One might assume that David Fincher’s Girl With a Dragon Tattoo (2011) would be simply a copy of a copy of a copy; Stieg Larsson gave us the novel upon which everything was based in 2005, and Swedish director Niels Arden Oplev followed up in 2009 with the first cinematic adaptation. However, to assume that Fincher would ever fail to differentiate himself from the masses would be a serious shame-on-you situation.
The novel is what it is: an interesting story with a great deal of captivating exposition, coupled with some carefully deposited mystery-action style flair toward the end, although not written in a way that is particularly interesting, stylistically. The Swedish film, more or less, follows suit, careful not to exclude more than needed and still clocking in at the acceptable but still quite long two and a half hour runtime. David Fincher, however, differentiates slightly from both the film adaptation and the novel, making storyline additions that didn’t exist in either the book nor in Oplev’s version, omitting certain storyline components that existed in both entirely, and, as is his trademark, making the film into a truly beautiful spectacle.
While the Swedish film focuses mostly on Mikael Blomkvist’s character (played by Michael Nyqvist), Fincher’s adaptation completely spotlights Lisbeth Salander (Rooney Mara). In fact, the film itself would have been entirely lost, in my opinion, without Rooney Mara’s absolutely brilliant performance. Mara’s Lisbeth is much weirder, much more fierce, much more believably “antisocial,” and yet still much more human and much less a “scripted character” than her Swedish Noomi Repace’s counterpart.
On the other hand, Daniel Craig’s Mikael Blomkvist is much more assured than Swedish actor Michael Nyqvist’s. While Craig plays Blomkvist as a man pissed off that he couldn’t prove what he knew to be true, Nyqvist plays a man a little less surefooted, a little less pissed and a little more concerned about the rest of his career and his impending jail sentence. No mention of a jail sentence in Fincher’s version
Craig’s Blomkvist is a somewhat Americanized, archetypal “divorcee dad,” struggling to convince himself he’s trying to remain relevant in his growing daughter’s life, while also giving the audience the impression that he really isn’t around much to work on that. Craig brings into the film a James Bond-influenced confidence that I just can’t be sure was intended in the novel, although it isn’t necessarily bad. He is Daniel Craig and he is 007, after all.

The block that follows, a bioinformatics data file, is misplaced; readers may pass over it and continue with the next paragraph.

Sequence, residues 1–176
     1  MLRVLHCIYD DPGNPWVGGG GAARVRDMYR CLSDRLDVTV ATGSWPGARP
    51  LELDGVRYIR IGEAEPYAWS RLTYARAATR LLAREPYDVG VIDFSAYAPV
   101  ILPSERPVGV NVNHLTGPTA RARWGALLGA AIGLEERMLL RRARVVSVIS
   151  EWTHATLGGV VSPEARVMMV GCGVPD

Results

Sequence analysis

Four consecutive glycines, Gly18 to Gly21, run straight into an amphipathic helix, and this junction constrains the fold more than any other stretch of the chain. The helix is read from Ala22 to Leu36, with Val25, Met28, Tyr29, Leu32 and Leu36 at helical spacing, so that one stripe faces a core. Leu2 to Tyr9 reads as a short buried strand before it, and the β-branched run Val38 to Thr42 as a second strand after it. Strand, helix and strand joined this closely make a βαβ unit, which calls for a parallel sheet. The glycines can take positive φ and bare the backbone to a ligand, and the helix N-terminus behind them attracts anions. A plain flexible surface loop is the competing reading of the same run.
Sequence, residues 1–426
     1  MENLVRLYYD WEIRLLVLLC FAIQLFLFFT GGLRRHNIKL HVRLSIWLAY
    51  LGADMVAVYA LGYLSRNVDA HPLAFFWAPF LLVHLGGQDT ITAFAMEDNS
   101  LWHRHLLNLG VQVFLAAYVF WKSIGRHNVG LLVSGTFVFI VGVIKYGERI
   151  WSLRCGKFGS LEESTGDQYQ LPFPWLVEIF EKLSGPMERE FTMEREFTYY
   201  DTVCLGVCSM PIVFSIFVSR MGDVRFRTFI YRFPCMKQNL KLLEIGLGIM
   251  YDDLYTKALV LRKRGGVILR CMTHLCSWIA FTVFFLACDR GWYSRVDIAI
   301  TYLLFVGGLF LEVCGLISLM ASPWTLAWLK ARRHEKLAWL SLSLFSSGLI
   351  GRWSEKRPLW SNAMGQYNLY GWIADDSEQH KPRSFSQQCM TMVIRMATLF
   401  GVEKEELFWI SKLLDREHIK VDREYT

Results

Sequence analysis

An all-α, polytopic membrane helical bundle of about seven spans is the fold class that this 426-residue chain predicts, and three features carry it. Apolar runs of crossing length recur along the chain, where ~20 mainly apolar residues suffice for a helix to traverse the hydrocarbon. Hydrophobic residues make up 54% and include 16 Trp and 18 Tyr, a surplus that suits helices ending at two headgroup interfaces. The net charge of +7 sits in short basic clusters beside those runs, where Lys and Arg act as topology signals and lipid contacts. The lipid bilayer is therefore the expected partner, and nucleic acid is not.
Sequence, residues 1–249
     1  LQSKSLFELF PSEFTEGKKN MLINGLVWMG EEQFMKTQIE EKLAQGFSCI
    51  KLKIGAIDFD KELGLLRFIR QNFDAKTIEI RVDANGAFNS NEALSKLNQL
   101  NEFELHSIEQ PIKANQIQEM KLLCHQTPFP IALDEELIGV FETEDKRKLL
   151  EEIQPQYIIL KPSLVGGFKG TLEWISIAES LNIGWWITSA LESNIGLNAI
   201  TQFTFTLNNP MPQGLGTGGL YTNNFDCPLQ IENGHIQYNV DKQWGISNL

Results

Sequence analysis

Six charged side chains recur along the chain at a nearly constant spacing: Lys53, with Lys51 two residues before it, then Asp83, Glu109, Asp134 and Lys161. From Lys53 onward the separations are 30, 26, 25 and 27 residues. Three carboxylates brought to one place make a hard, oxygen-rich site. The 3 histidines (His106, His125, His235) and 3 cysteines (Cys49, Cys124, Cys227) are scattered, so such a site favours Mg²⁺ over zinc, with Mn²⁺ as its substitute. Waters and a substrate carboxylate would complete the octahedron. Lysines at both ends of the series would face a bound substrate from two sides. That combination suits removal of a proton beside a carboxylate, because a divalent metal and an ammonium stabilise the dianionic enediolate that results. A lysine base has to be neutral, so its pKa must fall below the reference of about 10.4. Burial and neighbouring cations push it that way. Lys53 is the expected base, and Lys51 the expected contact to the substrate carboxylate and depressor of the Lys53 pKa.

Lisbeth and Mikael’s storylines run parallel to and separate from each other for a good portion of the Fincher’s film before interweaving in about the third act. This gives the audience a chance to follow each character through their own lives and experiences so that we might see who they are as autonomous individuals before they’re paired up to solve a mystery later in the film—a choice that I really appreciated, especially when it came down to the kind of exposition that Fincher put into Lisbeth. Not only do we get to see the stroke situation with the guardian that Lisbeth does seem to have an earnest relationship with, we also get to see the sadistic replacement guardian, her punishment/revenge, her follow-up confrontation with said sadist in the elevator to make sure he’s behaving, and finally, her visit back to her original guardian to inform him that she’s “made a friend.” This looking glass that Fincher gives us into Lisbeth’s life makes her character a far more sympathetic member of the film, the most sympathetic member of the film, in fact, which was not a simple feat, considering how different and “antisocial” the character of Lisbeth is written as. It was entirely refreshing to see Fincher’s take on Lisbeth, as he makes her into the centerpiece hero of the film in a very alternative way that disregards her gender and simply makes her an unconventional, individualistic hero.
Fincher’s film does have a tendency to come off as far more tuned up for an American audience raised on free-range Hollywood cinema, rather than something that stays a little closer to the novel’s true intentions, but I suppose that this is neither here nor there. While the Sweden of Oplev’s film is cold and wintery, the Sweden of Fincher’s is blustery, snow-laden, and frostbite inducing—seemingly much closer to the Arctic tundra than to Northern Europe, for example. From the get-go, it’s also far easier in Fincher’s film to suspect that Martin (Stellan Skarsgard) had something to do with the whole thing.
I also cannot help but find it somewhat bothersome when a film’s story is set in another country and all of these people in that country who are supposed to be native to said country just happen to all speak English to each other. I suppose that this is an unrealistic complaint, but there was something that felt far more authentic in hearing Swedish people speaking Swedish in Sweden and reading along with subtitles in the original adaptation.
However, Fincher’s adaptation gives the audience something far more powerful with his treatment of Lisbeth’s character, while the Swedish version failed to capitalize on that potential, and I think that Rooney Mara’s Lisbeth Salander alone is enough to encourage anyone to endure a viewing, especially if one has seen the Swedish version first or read the novels themselves.